Activist who are a calling for an end to the highway project as well as other journalists – some of whom are sharing in the prize – have condemned the award as a cynical and insincere gesture from the Kremlin to attempt to right a long history of violent stifling reporters.
The 2008 attack on Beketov and the lack of action in the case by Russian state investigators have been widely reported in the Russian and Western news media and have been seen as a gauge of threats to press freedom in Russia.
Beketov, as editor of Khiminskaya Pravda, has become a bellwether of the movement to save Khimki Forest, an ancient oak wood north of Moscow through which the state and heavily government-backed contractors are building the $8 billion road.
Beketov received threats and harassment beginning in 2007 for his newspaper’s publications, and unknown marauders set his car ablaze and killed his dog in May of that year. Suspicion for that incident fell on Khimki Mayor Vladimir Strelchnko, who sued Beketov for accusing him on television of “political terror.”
In 2008, the threats against Beketov were ratcheted up and he was beaten in in the courtyard of his apartment building and left for dead. He suffered sever brain damage as a result of the attack and can no longer walk or speak in sentences. His leg and several of his fingers were amputated as a result of the attack.
He is now one of 10 recipients of the yearly Kremlin award for excellence in print journalism that carries with it a $32,000 prize.
No suspects in Beketov investigation
The case to find Beketov’s assailants has yielded no suspects. Once a cause celebre, his case was closed for lack of evidence, only to be reopened again in the summer of 2010 when a groundswell of public protest against clear cutting Khimki Forest reached a fever pitch. The cause was joined by Russian and international rock stars, most notably Yury Shevchuk of DDT and Bono of U2.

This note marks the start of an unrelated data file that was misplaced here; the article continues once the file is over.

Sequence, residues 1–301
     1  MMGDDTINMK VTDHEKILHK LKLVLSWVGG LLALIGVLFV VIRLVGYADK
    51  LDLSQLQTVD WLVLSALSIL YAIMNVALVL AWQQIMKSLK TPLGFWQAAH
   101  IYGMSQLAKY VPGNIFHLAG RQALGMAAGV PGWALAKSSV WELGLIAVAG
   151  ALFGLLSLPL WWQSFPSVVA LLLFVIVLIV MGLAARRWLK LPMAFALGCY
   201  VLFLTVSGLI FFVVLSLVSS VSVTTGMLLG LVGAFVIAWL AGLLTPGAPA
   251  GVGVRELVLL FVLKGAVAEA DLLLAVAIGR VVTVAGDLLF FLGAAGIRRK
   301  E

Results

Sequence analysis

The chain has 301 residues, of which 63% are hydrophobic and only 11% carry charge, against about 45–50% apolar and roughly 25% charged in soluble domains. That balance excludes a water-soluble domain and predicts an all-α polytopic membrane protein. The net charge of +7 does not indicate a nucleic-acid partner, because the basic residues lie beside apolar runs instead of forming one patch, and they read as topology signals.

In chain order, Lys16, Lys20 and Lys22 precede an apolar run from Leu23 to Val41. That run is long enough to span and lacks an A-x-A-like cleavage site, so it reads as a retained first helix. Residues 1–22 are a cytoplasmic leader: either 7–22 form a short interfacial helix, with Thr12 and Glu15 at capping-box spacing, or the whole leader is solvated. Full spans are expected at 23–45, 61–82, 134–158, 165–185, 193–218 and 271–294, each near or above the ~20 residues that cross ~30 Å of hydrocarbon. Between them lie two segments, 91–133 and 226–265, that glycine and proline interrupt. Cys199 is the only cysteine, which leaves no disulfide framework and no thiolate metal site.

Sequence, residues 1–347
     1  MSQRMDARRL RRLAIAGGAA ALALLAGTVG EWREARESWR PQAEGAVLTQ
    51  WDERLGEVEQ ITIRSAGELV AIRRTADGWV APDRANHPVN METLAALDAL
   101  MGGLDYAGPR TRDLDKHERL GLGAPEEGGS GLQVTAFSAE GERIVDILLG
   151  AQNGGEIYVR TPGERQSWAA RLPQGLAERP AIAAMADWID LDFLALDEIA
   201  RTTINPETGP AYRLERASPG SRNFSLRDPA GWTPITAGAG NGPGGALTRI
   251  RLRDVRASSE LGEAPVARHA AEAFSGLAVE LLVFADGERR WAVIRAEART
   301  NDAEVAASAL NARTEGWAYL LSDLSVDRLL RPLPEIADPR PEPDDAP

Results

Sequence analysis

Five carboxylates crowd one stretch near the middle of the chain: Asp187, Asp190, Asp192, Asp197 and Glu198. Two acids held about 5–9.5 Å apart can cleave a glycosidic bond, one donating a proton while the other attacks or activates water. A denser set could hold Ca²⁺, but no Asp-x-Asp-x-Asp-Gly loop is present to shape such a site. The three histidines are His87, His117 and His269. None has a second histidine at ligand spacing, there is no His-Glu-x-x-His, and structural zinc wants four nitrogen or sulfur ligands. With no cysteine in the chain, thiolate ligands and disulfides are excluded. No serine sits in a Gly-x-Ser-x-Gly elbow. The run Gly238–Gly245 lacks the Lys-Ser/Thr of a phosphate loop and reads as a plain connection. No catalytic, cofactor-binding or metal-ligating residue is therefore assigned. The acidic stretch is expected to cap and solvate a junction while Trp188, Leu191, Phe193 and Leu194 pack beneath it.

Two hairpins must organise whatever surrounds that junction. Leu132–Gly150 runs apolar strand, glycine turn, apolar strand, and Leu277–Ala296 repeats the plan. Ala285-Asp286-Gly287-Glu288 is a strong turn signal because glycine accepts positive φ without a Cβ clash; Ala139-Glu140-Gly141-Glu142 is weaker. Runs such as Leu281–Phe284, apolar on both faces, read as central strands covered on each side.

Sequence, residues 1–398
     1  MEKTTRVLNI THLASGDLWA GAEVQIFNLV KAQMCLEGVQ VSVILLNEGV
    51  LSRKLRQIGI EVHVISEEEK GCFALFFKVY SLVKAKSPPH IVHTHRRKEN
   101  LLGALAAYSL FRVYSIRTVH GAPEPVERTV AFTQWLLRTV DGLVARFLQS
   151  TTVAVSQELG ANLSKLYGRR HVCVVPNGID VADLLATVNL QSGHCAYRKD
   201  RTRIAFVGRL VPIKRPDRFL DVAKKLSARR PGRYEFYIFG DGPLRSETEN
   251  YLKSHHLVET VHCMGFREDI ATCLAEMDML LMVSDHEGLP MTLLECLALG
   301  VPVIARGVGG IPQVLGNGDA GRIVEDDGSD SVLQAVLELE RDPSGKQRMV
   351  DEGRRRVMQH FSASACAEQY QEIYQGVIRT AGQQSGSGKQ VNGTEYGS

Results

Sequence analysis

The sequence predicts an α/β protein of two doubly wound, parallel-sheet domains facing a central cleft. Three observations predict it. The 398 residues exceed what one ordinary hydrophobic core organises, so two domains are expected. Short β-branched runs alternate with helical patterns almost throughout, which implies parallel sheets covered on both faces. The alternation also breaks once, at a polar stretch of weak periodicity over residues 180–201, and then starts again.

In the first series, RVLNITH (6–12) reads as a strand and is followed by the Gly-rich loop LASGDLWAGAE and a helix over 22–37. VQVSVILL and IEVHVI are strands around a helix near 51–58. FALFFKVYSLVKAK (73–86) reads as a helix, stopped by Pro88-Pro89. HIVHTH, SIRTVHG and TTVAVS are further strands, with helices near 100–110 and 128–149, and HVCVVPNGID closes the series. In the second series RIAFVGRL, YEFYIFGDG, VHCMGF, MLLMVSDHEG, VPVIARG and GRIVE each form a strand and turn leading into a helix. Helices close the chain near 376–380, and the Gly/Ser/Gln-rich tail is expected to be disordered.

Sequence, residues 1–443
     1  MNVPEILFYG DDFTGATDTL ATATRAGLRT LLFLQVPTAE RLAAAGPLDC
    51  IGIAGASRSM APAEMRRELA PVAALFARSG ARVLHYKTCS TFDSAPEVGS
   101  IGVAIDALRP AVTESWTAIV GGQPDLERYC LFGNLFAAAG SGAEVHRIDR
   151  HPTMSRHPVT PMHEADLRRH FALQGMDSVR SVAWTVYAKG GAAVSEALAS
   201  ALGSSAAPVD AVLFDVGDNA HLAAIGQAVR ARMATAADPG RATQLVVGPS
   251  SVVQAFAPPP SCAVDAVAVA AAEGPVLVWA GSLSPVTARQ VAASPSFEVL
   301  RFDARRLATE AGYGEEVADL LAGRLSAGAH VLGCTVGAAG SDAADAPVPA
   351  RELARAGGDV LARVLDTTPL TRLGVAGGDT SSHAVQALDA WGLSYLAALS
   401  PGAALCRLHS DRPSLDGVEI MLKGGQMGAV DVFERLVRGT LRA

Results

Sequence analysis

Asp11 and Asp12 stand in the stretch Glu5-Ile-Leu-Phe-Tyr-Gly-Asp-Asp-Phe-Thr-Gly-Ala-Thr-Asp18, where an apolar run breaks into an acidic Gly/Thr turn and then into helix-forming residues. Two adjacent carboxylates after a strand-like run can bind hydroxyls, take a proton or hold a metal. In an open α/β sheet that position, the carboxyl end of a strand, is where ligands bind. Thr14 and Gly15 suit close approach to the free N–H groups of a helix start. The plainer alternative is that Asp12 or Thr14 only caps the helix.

Because of mass public opposition, President Dmitry Medvedev ordered a halt to the road construction project in the summer of 2010 “for further consideration” of alternative routes. But the project was again taken up when the Kremlin claimed no alternatives could be found.
Meanwhile, other activists and journalists taking a pro-Khimki stance continued to receive savage beatings that bore the earmarkings of an organized and possibly state sponsored intimidation campaign. So similar were they to the attack on Beketov that Khimki’s Strelchenko was forced to issue a statement saying he had nothing to do with the attacks.
Break from tradition or cynical ploy?
Traditionally, the prize Beketov won has gone to journalists who toe the Kremlin line – and the Kremlin and the Khimki regional government have much at stake in the building of the toll road to St. Petersburg.
Some have speculated that the award to Beketov is an effort by the government of Putin to soften his image. During his tenure as president and then prime minister, press freedoms have suffered immeasurable blows, and beatings, in some cases murders, of journalists have gone unpunished.
The most egregious of these cases was the murder of Anna Politkovskaya, an ardent critic of Putin’s policies in Chechnya, whose withering reports showed up Putin’s campaign of atrocious abuses in the breakaway republic.
She was shot in a contract style killing in 2006. Despite attempts to bring her killers to justice, court cases have failed to do so.
Putin to again ascend presidency
Putin is again poised to become president in 2012 – possibly for two terms that would end in 2024 under Russia’s new 6-year term limit.
Neither Putin nor any other government official commented on the prize announcement, which was quietly posted on a government web site Monday night.